The World Wind Energy Association (WWEA) technical committee has recently published a report entitled “Wind Energy 2050: On the shape of near 100% RE grid”, which studies the challenges of wind energy integration into the power grid and discusses some of the solutions to address these challenges. Chapters 5 and 6 of this report are based upon the work of Dr. Amro M. Farid and discuss the evolution the power grid as it accommodates increasing capacities of wind energy.

Wind and solar energy have already become mainstream energy sources in some regions of the world. While the integration of wind energy has numerous benefits, it also creates new challenges for power system operations. Wind energy is inherently variable and, in order to successfully accommodate it, the power system has to undergo a dramatic change.   Furthermore, and in contrast to the traditional thermal generation units, wind energy sources are non-dispatchable in the traditional sense, meaning their outputs cannot be set to the desired value. As a result, the integration of wind energy requires new approaches to power grid planning and management, including investments into improved wind forecasting techniques and reconsidering operating reserve requirements.

A conventional power system consists of relatively few centralized and dispatchable generation units, and a large number of distributed and stochastic (but accurately forecastable) loads. The electricity is delivered from the centralized and predominantly thermal power plants to the distributed electrical loads. During many decades of operations, power system operators and utilities have developed improved methods for performing their tasks. Generation scheduling and dispatch, reserve management and control technologies have matured. Load forecasting accuracy has improved significantly, reducing forecast errors to as low as a few percent. Power system security and reliability standards have also evolved accordingly.

Six key drivers currently govern the evolution of the grid, namely environment protection, reliability concerns, renewable energy integration, transportation electrification, consumer participation and power market deregulation. This evolution will lead to a diversification of the power grid energy portfolio to include more solar, wind, energy storage and demand-side resources. Thus, the newly emerging operation procedures will not only engage with generators but also with consumers and other ancillary units. As a result, the already existing control technologies and procedures will expand significantly in both number and type.  This will challenge the basic assumptions of power system design and operations. Therefore, the question is not how to mitigate wind variability, but rather how the power grid should evolve to successfully accommodate a high penetration of wind energy.

Governed by these drivers, power system generation and consumption will evolve towards more equal roles in grid operations.  First, from the perspective of dispatchability, wind energy sources resemble traditional consumption in that they are non-dispatchable and forecasted. On the other hand, the introduction of demand response creates makes some portion of the energy consumption dispatchable much like traditional power generation facilities. These two trends change the balance of dispatchability and forecastability as shown in Table 1. Second, the integration of wind energy, like most renewable energy sources, changes the spatial distribution of the generation. Wind energy sources can vary from several kWs to hundreds of MWs.  While larger facilities will continue to be installed centrally into the transmission system, the smaller facilities will be installed at the power grid periphery as distributed generation.  (See Figure 2).  This creates the potential for upstream flow in the distribution system, which was not generally allowed before, and requires the redesign of the protection system accordingly.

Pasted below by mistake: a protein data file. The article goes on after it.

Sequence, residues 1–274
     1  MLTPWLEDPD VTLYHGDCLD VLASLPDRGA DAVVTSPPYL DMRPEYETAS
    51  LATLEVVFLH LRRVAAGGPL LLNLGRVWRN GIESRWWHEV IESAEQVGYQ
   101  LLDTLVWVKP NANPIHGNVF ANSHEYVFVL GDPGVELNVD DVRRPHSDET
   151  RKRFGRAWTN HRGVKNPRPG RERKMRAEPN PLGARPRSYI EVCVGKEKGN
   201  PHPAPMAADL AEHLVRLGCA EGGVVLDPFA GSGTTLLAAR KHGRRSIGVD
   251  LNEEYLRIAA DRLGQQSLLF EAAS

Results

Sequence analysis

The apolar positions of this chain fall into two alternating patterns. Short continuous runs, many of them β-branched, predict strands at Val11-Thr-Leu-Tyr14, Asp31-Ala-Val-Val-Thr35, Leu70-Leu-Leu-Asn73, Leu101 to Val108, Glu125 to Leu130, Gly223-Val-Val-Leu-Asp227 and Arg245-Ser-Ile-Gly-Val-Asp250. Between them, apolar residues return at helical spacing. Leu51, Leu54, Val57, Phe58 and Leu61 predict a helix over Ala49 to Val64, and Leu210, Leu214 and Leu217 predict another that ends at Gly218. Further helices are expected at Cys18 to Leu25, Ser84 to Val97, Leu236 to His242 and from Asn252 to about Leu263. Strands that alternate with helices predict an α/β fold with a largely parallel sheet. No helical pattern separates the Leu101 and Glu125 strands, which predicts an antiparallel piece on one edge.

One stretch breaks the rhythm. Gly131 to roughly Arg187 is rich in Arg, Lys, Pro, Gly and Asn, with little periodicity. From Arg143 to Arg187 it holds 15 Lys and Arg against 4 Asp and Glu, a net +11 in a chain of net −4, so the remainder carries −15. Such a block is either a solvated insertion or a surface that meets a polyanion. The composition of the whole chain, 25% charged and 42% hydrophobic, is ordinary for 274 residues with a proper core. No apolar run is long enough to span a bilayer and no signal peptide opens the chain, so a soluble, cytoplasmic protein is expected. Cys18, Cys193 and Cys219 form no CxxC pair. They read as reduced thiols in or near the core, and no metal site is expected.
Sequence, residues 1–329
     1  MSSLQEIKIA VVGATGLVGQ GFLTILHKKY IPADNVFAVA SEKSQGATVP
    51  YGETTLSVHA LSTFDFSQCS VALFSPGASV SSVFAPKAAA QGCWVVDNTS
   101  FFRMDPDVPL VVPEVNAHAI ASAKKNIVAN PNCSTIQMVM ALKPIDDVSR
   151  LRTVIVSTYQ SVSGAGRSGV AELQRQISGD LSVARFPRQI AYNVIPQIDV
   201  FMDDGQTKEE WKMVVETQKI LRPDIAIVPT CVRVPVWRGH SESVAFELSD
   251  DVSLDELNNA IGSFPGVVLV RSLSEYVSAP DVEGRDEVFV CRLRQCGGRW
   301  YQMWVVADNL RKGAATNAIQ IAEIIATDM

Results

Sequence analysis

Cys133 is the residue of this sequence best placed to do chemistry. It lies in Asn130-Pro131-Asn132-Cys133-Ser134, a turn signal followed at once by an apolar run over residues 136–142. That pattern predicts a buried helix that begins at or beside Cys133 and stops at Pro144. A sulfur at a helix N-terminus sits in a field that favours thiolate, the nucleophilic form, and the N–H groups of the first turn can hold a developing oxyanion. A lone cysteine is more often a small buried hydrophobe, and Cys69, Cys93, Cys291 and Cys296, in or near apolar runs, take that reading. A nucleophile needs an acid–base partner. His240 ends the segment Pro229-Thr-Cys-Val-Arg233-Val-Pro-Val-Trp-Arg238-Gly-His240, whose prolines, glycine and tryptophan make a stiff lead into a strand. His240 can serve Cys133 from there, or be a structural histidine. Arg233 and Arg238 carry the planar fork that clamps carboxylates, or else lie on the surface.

GridPortfolio

Table 1: Future grid generation and demand portfolio

gridstructure

Figure 2: Graphic representation of the evolving power grid structure

While many power grid phenomena overlap, the literature has traditionally treated them strictly separately. The evolution of the power grid necessitates reconsidering the distinction between  timescales.   It also requires revisiting the distinction between the transmission and distribution systems. In advocating for power grid enterprise control, our work encourages holistic approaches that work across time scales as well as the fully supply chain of electricity including both the transmission as well as the distribution system.

This work also moves away from the traditional classification of technical and economic control objectives and utilizes the concept of integrated enterprise control as a strategy for enabling holistic techno-economic performance of wind integration. As shown in Figure 3, the power system is modeled as a cyber-physical system, where the physical integration of wind energy and demand-side resources must be assessed in the context of the control, automation, and information technologies. The horizontal axis represents the energy value chain from the generation to the consumption. Finally, the third axis classifies both the generation and the consumption into dispatchable as well as stochastic units. This graph represents the scope of the power system that must address a complex mix of technological, system and societal objectives.

gridcyberphysical

Figure 3: Electrical power grid as a cyber-physical system

This work also moves away from the traditional classification of technical and economic control objectives and utilizes the concept of integrated enterprise control as a strategy for enabling holistic techno-economic performance of wind integration. As shown in Figure 3, the power system is modeled as a cyber-physical system, where the physical integration of wind energy and demand-side resources must be assessed in the context of the control, automation, and information technologies. The horizontal axis represents the energy value chain from the generation to the consumption. Finally, the third axis classifies both the generation and the consumption into dispatchable as well as stochastic units. This graph represents the scope of the power system that must address a complex mix of technological, system and societal objectives.

In depth materials on LIINES smart power grid research can be found on the LIINES website.